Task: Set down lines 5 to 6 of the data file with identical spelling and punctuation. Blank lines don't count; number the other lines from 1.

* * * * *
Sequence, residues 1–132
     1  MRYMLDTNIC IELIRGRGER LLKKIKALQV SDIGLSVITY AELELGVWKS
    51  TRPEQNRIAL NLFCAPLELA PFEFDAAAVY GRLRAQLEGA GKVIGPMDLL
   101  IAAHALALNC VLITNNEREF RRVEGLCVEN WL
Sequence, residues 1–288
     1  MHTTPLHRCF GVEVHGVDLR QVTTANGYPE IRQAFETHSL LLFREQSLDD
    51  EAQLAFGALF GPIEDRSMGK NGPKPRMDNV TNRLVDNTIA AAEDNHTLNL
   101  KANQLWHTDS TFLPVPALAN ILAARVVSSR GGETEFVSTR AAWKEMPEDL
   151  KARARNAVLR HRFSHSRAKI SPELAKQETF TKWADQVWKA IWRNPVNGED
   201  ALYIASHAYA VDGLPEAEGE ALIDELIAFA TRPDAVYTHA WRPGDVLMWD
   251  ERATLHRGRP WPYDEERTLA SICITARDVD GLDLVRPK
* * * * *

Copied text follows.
Sequence, residues 1–288
     1  MHTTPLHRCF GVEVHGVDLR QVTTANGYPE IRQAFETHSL LLFREQSLDD